By: Jason Latour (Writer), Nic Klein (Artist/Colorist)
The Story: Tesla Tarasova tries to erase her past by using her cosmic ray powers and the Tarasova tesseract as Bucky tries to reason with her.
The Review: This was an ending that we almost didn’t deserve. This sounds a bit harsh, sure, but with this title’s cancellation due to low sales, Jason Latour could have given us as cheap an ending he could have wanted, admitting defeat as James Buchanan Barnes story came to a close for a while. Instead, he gave us something that not only pay respect to the work Ed Brubaker did on him, but also to the whole Winter Soldier series.
What he does here is simple, yet amazingly effective as Latour uses every plot point, every piece of history he has written in his 6-issues arc to reinforce just what Bucky Barnes is all about, just how much he has grown as a character. In the very conclusion to the Electric Ghost story, we see that Tesla Tarasova has created something akin to a cosmic cube, a tool called the Tarasova tesseract that enables her to build a bridge toward space and time and to destroy it if needs be. Using this, she tries to kill those who have wronged her, the monsters that just ruined hundreds of life with their decisions. With Bucky as her witness, we get glimpses of what had been told and deduced from Tesla’s past in a whole new light, which brings it all full circle in a way.
Here, we just get the chance to see that Latour just gets who Bucky is. All along the murderous and sacrilegious spree of Tarasova, we see how his morality, as constructed by Brubaker, works. What we get is a point where Bucky would be hard-pressed not to take advantage of, an opportunity to just rewrite how things could have been. He could save Black Widow from being brainwashed by Leo Novokov, perhaps even save himself from his ‘’death’’ from World War 2 or even from any of the terrible situations he has been thrown into during his numerous adventures. However, in true character growth, he completely refuses this golden opportunity, as he believes in moving forward and to let the past be the past, even though his whole life has been him fighting with the very thing he did in the past when he was the actual Winter Soldier. The whole argumentation between Tesla Tarasova and him is the very best part of this issue as it really stays true to the character, celebrating just what made him work in the first place.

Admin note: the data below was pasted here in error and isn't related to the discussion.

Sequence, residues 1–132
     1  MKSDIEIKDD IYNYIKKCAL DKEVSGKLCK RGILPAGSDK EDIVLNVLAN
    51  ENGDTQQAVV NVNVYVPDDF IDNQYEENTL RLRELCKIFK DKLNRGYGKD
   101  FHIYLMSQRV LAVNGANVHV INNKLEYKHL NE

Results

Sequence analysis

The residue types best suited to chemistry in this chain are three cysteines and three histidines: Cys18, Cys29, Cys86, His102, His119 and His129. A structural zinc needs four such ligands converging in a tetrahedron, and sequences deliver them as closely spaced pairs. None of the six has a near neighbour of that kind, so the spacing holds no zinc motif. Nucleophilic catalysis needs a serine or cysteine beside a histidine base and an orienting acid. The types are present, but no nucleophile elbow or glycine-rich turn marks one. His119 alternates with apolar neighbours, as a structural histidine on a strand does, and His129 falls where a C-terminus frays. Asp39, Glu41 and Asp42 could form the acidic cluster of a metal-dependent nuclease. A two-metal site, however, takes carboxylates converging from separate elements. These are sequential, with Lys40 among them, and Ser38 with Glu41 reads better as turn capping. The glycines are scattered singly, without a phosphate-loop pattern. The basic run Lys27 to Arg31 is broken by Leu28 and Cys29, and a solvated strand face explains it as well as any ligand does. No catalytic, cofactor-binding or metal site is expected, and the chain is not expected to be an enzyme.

Of course, there’s also some finality as it is sadly the very last issue of this title. We also get some last scene with Robads, in true spy fashion as he gives us yet another look into his psyche. Giving us a traditional spy ending with Bucky and him trading some final lines in a beautiful tropical sunset, Latour shows he could have done more with the character, yet has enough class to just give us what was about this character and do so in style, without giving a metaphor about his story being prematurely ending. It’s beautiful stuff and it does give us a somewhat satisfying conclusion on this part.
Nic Klein. I seriously could just name him and end this review with this. Do I have anything more to say about him beside the fact that he’s been miraculous on his stint on this title? Here, he even gives us some of his very best effort as his experimentation with panel layouts, coloring techniques and other effects, mixing the technological with the cosmic with the more down to earth in a psychedelic melting pot of beauty. As good as Latour was on the plot and his take on Bucky, it was Nic Klein that was the real star here and I seriously hope that Marvel takes notice of his talent. This guy needs to be on a grade-A book right now.
The Conclusion: A stunning conclusion to the title and to the journey of Bucky Barnes in his spying adventures that looks simply marvelous. I applaud both Jason Latour and Nic Klein for giving us something of this caliber and I hope we’ll get to see them collaborate one more time.
Hugo Robberts Larivière